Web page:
Are Hiking Boots Good for Snow? (Our Definitive Answer)

The desire and ability to go for hike doesn’t have to be limited by the seasons or weather conditions. We can enjoy the benefits of hiking all year round! It’s a great form of exercise that can accommodate different fitness and skill levels, provided you do your research.  

If your hike requires you to travel some distance to get there, or it’s a longer day hike, you want to pack only what’s necessary to make it less strenuous. It wouldn’t be practical to bring every type of shoe and boot you own to accommodate each potential outcome. During winter months especially, it is important to bring exactly what you need – no more or less. This may also mean assuming there could be snow. 

Since it is winter, you will already be wearing extra layers. Backpacks may already have an extra scarf or headwear, gloves, socks and a warm thermos. A bonus set of boots can take up valuable inventory space or add unnecessary weight.

So, it comes down to picking the footwear that will work regardless of the weather. Which raises the question: Are hiking boots good for snow?  Or do we need to invest in specialty boots?

Are Hiking Boots Good for Snow? 

Yes. While many outside considerations may impact this, hiking boots are generally appropriate for walks in snowy conditions. As with all footwear, it is important that the boot fits your feet precisely.

Newer boots will have the disadvantage of being less limber, so it will be best to break them in on a more controlled walk before using them in the snow. Start by walking around the house, then the yard, then maybe a few blocks or short 1 mile trail.

Hiking boots come with their own strengths that can allow them to work well for walking in the snow.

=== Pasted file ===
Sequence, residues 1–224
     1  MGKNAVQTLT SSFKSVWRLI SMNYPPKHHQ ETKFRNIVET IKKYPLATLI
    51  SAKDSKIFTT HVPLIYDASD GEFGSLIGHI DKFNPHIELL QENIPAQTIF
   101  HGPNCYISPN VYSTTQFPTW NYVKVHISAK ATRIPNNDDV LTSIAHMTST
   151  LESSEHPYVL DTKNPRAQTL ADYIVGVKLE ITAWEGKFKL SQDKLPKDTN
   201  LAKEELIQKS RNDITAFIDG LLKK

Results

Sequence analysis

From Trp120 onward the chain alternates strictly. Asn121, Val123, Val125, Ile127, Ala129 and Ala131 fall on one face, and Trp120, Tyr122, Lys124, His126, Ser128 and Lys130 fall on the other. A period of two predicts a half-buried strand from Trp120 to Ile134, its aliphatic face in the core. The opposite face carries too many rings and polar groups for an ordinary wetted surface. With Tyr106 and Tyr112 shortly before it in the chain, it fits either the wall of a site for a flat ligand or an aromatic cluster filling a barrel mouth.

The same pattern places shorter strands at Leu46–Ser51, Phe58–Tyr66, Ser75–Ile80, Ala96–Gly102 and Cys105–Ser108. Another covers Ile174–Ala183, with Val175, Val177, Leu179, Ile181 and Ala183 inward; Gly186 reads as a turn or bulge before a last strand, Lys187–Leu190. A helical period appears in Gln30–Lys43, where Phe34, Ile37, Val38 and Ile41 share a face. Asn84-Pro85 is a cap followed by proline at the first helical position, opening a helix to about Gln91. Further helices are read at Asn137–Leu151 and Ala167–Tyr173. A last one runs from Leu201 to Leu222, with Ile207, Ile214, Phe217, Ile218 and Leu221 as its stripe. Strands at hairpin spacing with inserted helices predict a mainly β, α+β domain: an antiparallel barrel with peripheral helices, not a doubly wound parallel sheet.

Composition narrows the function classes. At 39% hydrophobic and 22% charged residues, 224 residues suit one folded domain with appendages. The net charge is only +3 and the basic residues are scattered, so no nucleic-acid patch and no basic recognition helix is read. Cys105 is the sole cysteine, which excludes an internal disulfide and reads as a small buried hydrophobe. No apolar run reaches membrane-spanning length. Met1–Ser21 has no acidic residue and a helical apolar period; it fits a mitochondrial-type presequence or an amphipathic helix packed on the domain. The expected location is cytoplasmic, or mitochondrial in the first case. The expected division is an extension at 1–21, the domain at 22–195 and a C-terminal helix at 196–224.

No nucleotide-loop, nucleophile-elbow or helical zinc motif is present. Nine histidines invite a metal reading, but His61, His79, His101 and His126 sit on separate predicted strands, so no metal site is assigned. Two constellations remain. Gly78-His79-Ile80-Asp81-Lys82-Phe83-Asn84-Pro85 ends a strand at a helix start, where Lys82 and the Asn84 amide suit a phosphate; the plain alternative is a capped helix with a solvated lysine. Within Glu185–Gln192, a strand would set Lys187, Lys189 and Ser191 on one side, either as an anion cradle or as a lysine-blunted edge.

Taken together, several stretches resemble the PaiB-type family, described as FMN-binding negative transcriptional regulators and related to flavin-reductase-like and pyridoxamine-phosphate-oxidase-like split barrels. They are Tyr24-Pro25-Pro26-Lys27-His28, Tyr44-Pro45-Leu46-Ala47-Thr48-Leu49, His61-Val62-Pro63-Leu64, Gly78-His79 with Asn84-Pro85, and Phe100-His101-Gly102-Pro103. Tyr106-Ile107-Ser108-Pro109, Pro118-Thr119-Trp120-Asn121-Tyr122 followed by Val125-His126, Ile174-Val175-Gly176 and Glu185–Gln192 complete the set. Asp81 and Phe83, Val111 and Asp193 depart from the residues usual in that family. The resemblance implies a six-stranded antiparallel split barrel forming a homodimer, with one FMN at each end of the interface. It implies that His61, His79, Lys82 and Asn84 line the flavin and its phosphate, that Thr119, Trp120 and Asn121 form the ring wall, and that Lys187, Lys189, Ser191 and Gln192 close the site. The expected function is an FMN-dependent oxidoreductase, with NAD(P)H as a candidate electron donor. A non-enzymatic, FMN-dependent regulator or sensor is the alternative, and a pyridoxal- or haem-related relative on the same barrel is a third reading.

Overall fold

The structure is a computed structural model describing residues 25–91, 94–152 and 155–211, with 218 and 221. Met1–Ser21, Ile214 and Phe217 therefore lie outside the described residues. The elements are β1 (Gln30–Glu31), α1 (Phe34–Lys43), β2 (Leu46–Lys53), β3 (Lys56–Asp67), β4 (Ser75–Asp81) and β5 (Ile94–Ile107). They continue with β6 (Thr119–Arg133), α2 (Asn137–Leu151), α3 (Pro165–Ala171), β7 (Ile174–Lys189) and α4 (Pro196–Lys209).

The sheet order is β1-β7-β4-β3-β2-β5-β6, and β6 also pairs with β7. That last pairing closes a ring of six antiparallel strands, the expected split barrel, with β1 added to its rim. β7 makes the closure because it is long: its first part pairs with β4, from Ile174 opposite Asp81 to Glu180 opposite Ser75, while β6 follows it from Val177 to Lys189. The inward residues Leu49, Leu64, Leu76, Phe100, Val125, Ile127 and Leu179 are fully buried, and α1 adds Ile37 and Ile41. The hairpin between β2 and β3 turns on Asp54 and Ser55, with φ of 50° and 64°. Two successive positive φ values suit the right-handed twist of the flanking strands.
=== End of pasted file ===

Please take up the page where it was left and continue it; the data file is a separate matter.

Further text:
• Traction. Hiking boots are lined with deep indentations. These allow for better gripping of the surface, which includes mud, ice, and snow. This form of traction is ideal for multiple weather conditions.
  • Lightweight. Hiking boots tend to be made from lighter materials. This will keep you from reducing your agility while walking on surfaces covered in snow.
  • Flexible. Earlier, flexibility was mentioned as important. Not only does this increase comfort, but it helps the sole of the boot better grip the various shapes of terrain found in nature.
  • Waterproof. Most hiking boots are either water resistant or water proof. You definitely want to invest in ones that are waterproof (and socks too) if you’re planning to hike in the snow, as you never know how slushy or wet it will be.

Hiking boots come in a variety of styles. In addition to providing support and traction, they can pair well with your hiking pants, jacket, hat, and other attire… should you care to coordinate. They can help you blend in with the environment, or be whimsical and fun.

Here are some of our recommedations:

When Are Hiking Boots Not Good for Snow?

As we mentioned earlier, hiking boots are generally good for walking in the snow. However, there are times when they might not be the best fit. 

When the snow is more than just decorative.